Reporter Holly Ilbury interviews Sophie Hyde, Director of 52 Tuesdays, who won the Best Director Award at both Sundance and Berlin film festivals. The film has had a theatrical release during August 2015 in the UK, and will be released on DVD later this year by Peccadillo Films.
Ultimate Planet showed 52 Tuesdays at LFest this year to a full house and the feedback was amazing.
Sophie: Wow, that’s great!
We also held a panel on LBQ Visibility in the Media, and one of the issues that came up was the financial difficulty in creating media content for LGBT audiences. The opinion seemed to be that lot of this content has to be geared towards the wider, heterosexual audience in order to make money. What are your thoughts on that?
Sophie: It’s a really tough one because, you know you want to make films that are diverse characters, diverse storylines, about people that you know; and yet you’re right, generally LGBT films don’t do as well financially. It’s not always the case of course and everyone can point to the famous cases that are super successful, but in general it’s sort of weirdly like the ‘woman’ thing. You know, women will go and see films about men, but men won’t go to see films about women. So it’s like, will a straight audience go and see LGBT films? Sometimes, but not necessarily. And sometimes the problem is that they market it to try and get it a bit more mainstream and you then lose the LGBT audience; then you’re in trouble, really in trouble. So I think it is really hard to get finance for it. What I find weird about it is a film like 52 Tuesdays has all sorts of characters with all sorts of orientations and identities, but if one character is trans it’s suddenly a trans film. And if one character is gay it’s suddenly a gay film. It is a necessary label, but also very difficult.
Did you have a particular demographic in mind?
Sophie: I didn’t really. I thought a lot about the different kinds of people, but that was more like little pockets of people all over the world. It seems to play really well to young audiences and to queer audiences. But also, this week we’ve gone on tour with it, and some of the most incredible responses have come from the people that had no idea what the film was or what they were coming to see. They seemed like fairly straight audiences and they just loved it, and it’s a shame that those kinds of people won’t necessarily get to see the film.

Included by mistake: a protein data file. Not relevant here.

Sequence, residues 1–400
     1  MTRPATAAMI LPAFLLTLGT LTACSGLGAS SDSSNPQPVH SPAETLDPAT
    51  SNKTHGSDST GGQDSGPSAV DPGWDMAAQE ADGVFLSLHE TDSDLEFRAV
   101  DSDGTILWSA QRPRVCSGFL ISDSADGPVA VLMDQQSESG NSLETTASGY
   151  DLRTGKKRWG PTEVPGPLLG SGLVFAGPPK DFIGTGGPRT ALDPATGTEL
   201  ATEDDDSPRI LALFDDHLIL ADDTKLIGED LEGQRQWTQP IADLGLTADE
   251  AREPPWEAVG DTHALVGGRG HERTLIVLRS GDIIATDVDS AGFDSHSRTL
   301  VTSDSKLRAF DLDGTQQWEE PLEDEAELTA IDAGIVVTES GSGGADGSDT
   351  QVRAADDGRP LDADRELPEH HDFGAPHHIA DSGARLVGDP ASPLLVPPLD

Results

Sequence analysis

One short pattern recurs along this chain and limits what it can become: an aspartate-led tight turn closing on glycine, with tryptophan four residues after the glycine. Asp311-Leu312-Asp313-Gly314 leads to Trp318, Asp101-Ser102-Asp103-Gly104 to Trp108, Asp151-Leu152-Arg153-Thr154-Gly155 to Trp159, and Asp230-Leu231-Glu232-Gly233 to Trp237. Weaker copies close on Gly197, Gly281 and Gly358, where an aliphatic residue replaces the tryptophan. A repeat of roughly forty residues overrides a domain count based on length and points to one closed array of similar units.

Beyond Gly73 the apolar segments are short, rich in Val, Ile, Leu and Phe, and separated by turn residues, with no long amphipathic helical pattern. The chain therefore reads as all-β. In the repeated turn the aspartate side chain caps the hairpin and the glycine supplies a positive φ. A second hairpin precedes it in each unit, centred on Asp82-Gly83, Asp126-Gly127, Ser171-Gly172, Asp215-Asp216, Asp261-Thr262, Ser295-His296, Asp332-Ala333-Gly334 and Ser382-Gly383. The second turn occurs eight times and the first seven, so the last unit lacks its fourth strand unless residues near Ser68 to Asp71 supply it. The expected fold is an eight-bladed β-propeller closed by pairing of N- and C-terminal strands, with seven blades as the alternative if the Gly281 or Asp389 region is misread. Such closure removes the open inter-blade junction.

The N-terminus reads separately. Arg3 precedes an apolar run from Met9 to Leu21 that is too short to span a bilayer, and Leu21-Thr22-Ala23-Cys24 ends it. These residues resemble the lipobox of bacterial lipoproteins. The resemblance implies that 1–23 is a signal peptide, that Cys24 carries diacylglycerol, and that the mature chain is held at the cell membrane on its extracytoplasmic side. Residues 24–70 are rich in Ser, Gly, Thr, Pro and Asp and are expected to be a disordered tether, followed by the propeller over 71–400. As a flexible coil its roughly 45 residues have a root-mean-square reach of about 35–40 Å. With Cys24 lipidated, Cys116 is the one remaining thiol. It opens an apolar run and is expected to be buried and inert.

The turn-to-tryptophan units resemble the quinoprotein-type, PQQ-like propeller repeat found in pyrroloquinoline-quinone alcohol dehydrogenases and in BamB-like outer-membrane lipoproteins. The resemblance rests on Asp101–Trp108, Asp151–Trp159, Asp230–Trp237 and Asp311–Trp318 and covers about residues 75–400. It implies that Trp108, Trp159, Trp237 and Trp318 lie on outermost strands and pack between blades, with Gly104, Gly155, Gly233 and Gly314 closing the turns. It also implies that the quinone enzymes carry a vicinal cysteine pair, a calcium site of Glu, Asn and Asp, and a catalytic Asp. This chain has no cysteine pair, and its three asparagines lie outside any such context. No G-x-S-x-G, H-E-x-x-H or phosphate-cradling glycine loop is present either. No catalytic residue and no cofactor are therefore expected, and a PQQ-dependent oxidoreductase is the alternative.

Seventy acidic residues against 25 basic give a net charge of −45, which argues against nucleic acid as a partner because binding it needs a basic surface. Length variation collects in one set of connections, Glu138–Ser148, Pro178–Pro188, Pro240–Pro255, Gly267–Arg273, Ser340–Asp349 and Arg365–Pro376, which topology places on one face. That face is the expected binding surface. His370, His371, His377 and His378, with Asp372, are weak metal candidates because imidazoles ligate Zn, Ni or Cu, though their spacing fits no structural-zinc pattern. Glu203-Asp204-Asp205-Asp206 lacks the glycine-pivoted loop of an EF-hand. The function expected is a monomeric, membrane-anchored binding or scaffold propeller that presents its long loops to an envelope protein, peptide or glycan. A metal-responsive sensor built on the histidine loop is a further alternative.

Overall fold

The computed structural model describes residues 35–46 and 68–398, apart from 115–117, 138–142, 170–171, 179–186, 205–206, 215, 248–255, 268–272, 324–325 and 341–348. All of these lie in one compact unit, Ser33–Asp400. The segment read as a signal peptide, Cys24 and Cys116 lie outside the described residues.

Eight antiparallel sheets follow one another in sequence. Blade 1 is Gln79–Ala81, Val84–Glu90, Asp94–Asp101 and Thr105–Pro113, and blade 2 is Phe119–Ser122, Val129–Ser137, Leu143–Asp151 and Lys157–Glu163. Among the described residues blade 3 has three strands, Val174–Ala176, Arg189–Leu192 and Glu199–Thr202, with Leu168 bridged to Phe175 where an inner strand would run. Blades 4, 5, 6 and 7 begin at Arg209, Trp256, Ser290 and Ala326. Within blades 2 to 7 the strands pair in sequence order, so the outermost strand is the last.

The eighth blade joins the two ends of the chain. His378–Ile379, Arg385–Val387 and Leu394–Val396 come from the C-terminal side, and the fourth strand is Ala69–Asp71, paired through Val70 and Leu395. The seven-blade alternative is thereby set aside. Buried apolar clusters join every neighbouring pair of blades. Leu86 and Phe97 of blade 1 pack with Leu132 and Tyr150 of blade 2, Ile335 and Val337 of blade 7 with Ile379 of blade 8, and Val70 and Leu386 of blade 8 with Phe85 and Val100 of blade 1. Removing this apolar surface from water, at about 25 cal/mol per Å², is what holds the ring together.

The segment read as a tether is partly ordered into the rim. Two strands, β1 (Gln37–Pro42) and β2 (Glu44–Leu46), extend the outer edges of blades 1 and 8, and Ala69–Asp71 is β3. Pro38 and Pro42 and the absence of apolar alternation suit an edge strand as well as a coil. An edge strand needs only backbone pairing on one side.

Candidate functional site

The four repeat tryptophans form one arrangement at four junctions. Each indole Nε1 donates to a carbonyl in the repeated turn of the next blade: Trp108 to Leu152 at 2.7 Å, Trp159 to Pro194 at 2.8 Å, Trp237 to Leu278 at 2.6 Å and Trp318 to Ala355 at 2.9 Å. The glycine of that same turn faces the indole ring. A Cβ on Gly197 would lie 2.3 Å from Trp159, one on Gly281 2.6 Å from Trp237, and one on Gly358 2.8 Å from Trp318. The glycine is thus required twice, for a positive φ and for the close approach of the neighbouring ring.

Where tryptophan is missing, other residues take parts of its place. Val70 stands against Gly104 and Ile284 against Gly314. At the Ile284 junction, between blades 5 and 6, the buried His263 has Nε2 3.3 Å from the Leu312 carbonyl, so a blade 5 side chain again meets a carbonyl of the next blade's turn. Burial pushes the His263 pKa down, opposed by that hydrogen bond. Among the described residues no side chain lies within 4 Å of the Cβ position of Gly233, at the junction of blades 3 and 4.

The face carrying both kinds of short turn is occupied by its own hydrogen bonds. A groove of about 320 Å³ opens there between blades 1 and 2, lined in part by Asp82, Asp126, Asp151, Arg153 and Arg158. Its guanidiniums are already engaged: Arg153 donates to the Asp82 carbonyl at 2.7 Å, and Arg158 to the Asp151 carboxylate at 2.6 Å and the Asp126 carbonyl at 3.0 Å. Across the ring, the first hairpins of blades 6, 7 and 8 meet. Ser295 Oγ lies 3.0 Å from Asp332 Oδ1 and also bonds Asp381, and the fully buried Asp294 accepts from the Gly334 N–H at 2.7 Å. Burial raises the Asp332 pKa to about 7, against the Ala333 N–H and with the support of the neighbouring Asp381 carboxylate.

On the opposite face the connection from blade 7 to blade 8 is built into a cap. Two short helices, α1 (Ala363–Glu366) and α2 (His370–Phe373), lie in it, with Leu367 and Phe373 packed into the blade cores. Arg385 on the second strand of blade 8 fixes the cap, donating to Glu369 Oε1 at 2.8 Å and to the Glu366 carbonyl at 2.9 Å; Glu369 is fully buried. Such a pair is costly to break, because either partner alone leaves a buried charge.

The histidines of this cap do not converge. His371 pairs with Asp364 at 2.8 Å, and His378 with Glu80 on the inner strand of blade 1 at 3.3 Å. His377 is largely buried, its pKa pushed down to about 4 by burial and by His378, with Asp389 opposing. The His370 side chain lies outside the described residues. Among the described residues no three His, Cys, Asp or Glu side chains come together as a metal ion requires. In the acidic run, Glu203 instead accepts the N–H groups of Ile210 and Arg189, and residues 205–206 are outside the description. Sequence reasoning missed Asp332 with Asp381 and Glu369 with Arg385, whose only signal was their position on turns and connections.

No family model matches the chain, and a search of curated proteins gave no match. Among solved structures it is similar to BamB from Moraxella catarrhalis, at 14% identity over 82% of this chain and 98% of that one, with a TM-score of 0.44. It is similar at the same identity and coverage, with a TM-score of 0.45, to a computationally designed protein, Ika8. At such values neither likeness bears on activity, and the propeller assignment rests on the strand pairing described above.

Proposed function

So what has the reception been like during this week’s tour, here in the UK?
Sophie: It’s been excellent. I’ve done some Q&As in London, then I went up to Glasgow and Manchester, Liverpool, yesterday we did Cambridge. Today we did two in London and then we go to Brighton and Cardiff.
It’s been so amazing, and we’ve had really different questions at each Q&A, and really different feeling. I’ve found that people really want to tell us very personal stories, or things that they think the film’s about; and it varies a lot.
A unique aspect of the filming process was that, true to the story, you only filmed on Tuesdays over the course of a year. How did you come up with the concept of that shooting schedule?
Sophie: The concept came from Matt, who is the co-writer. He came up with this idea of making a film where two people meet every Tuesday and we film on Tuesdays, only on Tuesdays, for a year. And so the characters in the story came later. So the film completely hinged on it and it had to all fit together for us to be able to want to make it. So yeah, it was a very unusual way to make a film, but also really interesting.
Is it something you would consider doing again, in a similar way?
Sophie: I wouldn’t do it again, no [laughs] but I definitely want to find some ways to challenge the idea that we make films in the same way, all the time. I think it’s interesting to essentially see the outcome of what we did.
The thing is that for us making it and what we went through was so hard to capture, in a sense, so hard to film, and it never would have been like that if we hadn’t made the film in this way.
Is there anything you missed, or wish you could go back and change?
Sophie: Millions of things, and yet nothing really. It was always a grand experiment and a big part of it was sticking to our rules and the outcome comes from us being as creative as we possibly could inside those rules.
And lastly, you mentioned trying to challenge the idea of always making films in the same way, is there something coming up that is a bit different for you, or that you’re excited about?
Sophie: I’m writing a film at the moment but I just produced a film called Sam Klemke’s Time Machine which is a feature documentary and will hopefully come out later this year. This guy filmed his life from 1977 until now and it’s a beautiful film.